Euro Bounce Sets Up $1.13 Level as Hurdle to Extending Rally

The euro’s rebound against the dollar has it sizing up a key hurdle.

The common currency rose for a sixth day against the dollar, its longest winning streak since 2013. Charts patterns signal the euro faces a challenge at its 100-day moving average of $1.1308 after it surpassed $1.10 Wednesday.

“Yesterday’s move above the key $1.1000 to $1.1050 zone represents a major breakout,” Matt Weller, an analyst at Gain Capital Holdings Inc.’s unit in Grand Rapids, Michigan, said in a note. “The 100-day moving average near $1.1300 may provide a near-term ceiling for the pair after the big rally this week.”

The currency pair hasn’t traded above its 100-day moving average since May 2014. It rose as much as 1.1 percent to $1.1249 per euro Thursday before paring gains in New York.

The immediate target is $1.1265 per euro, Marc Chandler, global head of currency strategy at Brown Brothers Harriman & Co., said in a note. The currency pair’s price chart shows a “double bottom” pattern of lows in March and April which may lay the groundwork for more euro gains.

Market Focus

The focus for markets is shifting to resistance from $1.1267 to $1.1280, Niall O’Connor, a technical analyst at JPMorgan Chase & Co. in New York, said in a note. “This area includes the 38.2 percent retracement from the December high and the February breakdown area and will now define whether a deeper corrective phase can develop.”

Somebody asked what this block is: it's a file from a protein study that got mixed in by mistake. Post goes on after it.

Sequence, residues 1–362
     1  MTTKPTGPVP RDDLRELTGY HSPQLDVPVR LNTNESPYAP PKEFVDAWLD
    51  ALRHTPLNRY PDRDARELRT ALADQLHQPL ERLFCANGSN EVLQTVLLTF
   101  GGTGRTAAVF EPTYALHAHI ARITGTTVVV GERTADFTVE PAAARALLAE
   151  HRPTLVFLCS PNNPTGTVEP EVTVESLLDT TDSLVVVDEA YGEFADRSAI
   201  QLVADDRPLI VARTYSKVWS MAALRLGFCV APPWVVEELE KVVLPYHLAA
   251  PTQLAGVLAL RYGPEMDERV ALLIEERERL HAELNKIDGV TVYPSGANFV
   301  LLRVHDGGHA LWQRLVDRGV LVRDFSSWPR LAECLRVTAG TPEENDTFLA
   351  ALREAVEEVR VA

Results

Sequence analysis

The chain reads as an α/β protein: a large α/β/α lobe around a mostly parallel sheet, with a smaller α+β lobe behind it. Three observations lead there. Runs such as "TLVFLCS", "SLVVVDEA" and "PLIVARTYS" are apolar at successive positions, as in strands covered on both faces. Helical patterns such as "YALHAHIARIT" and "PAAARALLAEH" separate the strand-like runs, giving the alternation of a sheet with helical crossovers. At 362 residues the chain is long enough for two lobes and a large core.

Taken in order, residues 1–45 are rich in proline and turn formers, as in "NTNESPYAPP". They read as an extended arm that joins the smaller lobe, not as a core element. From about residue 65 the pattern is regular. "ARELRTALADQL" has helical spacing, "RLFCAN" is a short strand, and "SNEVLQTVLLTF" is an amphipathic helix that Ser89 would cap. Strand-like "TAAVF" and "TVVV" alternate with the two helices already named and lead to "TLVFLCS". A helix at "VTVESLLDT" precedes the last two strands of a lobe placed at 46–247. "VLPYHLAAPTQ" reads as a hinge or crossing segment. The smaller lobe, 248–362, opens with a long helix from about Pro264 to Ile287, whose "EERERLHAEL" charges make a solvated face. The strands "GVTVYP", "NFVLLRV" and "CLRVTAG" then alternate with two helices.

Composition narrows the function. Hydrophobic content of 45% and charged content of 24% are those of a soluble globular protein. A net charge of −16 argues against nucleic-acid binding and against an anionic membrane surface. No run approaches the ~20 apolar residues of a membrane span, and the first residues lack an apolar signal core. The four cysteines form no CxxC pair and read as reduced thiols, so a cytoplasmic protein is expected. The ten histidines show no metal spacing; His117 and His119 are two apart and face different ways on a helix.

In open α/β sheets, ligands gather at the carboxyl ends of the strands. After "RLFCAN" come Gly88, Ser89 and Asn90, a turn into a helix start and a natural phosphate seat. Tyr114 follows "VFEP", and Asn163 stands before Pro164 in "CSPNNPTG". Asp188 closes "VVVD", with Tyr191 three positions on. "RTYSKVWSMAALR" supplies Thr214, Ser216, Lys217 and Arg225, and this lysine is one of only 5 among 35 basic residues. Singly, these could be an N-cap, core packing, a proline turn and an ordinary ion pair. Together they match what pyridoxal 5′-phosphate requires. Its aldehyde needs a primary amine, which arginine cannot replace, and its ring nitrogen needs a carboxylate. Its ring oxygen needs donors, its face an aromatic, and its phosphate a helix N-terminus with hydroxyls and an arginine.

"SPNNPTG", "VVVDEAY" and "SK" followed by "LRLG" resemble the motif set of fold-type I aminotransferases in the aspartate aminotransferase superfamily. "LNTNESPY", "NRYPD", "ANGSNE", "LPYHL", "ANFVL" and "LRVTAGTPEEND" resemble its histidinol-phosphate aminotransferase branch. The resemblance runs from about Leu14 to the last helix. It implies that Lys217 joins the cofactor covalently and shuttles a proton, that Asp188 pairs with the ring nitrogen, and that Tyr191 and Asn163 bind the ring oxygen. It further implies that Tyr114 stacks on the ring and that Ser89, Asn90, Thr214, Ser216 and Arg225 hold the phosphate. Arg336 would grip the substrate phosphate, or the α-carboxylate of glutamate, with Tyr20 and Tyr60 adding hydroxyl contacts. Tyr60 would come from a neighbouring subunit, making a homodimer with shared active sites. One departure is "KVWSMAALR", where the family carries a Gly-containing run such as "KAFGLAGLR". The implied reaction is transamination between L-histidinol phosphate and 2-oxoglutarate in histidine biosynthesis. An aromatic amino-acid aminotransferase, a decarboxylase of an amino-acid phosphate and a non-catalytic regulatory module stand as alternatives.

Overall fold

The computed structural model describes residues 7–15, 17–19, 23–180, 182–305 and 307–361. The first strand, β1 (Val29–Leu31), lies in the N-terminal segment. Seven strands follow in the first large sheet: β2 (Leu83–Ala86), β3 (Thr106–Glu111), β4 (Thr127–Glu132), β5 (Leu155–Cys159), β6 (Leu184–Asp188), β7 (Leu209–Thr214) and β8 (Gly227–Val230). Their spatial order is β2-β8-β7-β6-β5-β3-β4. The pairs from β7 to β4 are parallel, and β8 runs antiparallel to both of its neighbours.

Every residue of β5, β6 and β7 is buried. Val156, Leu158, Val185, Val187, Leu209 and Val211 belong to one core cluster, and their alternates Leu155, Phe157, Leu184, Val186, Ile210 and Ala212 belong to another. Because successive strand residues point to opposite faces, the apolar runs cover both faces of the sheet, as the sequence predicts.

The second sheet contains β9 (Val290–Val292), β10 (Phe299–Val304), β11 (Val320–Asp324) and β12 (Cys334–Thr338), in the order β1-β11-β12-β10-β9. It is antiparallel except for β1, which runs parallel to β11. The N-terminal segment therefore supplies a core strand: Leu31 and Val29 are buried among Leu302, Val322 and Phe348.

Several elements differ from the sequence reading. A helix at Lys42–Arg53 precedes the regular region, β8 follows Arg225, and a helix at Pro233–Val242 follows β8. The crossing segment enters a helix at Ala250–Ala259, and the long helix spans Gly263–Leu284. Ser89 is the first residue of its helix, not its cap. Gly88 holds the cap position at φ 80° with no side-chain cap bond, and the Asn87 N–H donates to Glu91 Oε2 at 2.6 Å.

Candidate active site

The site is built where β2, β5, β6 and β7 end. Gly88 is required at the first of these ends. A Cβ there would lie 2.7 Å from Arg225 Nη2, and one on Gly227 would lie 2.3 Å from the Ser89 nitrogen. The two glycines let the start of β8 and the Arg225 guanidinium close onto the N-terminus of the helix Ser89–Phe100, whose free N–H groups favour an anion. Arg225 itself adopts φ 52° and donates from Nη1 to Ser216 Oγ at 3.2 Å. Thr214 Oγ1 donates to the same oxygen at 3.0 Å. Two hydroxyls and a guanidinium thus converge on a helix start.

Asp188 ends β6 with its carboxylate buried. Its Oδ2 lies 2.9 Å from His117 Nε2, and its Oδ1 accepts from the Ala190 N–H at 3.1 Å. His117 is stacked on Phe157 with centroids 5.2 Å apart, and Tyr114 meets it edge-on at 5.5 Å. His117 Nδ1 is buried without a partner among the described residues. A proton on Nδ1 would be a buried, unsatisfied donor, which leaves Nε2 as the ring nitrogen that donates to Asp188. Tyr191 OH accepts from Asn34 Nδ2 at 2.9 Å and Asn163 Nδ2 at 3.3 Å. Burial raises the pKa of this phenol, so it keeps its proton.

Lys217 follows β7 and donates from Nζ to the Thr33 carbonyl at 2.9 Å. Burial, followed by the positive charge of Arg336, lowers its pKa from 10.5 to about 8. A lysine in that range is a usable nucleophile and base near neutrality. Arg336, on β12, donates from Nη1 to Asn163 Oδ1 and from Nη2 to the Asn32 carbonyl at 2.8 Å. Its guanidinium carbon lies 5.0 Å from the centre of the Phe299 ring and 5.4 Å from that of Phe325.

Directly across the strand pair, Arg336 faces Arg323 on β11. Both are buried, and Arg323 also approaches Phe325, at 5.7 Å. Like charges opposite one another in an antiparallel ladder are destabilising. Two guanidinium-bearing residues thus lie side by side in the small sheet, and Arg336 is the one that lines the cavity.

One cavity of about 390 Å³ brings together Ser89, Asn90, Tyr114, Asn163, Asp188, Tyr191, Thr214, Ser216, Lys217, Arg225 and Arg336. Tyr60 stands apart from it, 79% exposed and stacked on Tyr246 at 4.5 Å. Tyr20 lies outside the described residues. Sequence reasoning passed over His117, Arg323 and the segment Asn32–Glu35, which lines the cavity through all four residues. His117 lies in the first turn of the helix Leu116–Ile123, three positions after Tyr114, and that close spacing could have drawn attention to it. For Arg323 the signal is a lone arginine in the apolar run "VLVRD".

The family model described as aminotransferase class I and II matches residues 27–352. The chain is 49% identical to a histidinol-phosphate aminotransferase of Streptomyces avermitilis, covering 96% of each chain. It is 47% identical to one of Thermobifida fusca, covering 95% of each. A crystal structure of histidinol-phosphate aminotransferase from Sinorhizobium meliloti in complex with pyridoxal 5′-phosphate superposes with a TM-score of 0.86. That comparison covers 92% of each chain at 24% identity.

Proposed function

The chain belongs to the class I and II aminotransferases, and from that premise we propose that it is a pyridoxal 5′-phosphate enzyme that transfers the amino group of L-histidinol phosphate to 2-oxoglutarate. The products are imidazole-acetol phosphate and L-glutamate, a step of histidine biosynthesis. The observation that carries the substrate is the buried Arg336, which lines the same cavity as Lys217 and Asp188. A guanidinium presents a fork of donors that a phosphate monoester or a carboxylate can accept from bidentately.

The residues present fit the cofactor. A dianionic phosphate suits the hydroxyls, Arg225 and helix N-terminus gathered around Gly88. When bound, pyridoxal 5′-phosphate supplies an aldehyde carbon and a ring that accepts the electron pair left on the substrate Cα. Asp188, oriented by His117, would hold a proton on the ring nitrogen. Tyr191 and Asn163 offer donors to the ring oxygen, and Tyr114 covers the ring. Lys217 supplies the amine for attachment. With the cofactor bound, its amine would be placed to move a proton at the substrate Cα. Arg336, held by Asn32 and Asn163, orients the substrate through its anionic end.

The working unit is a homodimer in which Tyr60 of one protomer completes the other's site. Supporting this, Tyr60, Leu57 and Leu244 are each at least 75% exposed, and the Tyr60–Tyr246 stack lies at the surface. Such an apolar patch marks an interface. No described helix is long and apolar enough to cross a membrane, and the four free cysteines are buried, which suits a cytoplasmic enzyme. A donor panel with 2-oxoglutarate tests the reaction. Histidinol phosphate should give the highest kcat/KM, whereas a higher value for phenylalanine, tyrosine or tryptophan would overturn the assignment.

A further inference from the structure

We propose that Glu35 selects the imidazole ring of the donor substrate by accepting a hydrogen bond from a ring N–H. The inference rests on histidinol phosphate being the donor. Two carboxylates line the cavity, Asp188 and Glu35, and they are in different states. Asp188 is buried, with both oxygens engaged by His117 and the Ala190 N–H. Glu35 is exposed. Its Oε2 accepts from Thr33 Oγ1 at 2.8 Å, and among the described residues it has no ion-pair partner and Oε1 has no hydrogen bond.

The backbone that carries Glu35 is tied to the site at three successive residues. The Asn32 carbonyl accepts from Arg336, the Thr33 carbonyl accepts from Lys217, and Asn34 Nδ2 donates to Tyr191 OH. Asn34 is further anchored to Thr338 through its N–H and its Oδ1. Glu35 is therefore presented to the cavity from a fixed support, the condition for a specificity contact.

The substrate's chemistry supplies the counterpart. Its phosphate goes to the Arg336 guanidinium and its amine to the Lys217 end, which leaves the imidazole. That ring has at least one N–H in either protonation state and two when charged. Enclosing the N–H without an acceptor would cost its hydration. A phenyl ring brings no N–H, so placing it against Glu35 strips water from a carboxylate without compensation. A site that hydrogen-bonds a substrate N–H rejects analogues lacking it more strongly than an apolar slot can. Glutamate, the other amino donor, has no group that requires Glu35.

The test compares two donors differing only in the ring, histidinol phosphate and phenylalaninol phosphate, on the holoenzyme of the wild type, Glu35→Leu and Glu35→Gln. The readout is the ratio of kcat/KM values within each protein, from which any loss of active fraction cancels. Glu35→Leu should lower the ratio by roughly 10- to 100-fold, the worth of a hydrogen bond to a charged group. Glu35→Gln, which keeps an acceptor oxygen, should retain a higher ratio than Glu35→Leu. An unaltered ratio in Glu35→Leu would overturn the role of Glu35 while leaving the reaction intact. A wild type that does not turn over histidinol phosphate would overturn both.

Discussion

The euro is poised to snap a nine-month losing streak in April. Euro-area consumer prices ended four months of declines and economic data pointed to a strengthening recovery, buoyed by the European Central Bank’s 1.1-trillion-euro ($1.2 trillion) bond-buying program.

The “insanely volatile” move in euro-dollar “has caught many market participants by surprise,” Boris Schlossberg, managing director of foreign-exchange strategy at BK Asset Management in New York, said in a note Thursday. “Traders who positioned themselves for an unambiguous dollar rally now find themselves well underwater and are reversing many of those trades, creating massive squeezes in euro-dollar.”

The common currency’s two-week implied volatility, a measure of future price swings, climbed to 13.2 percent, exceeding the average of 11.9 percent this year.

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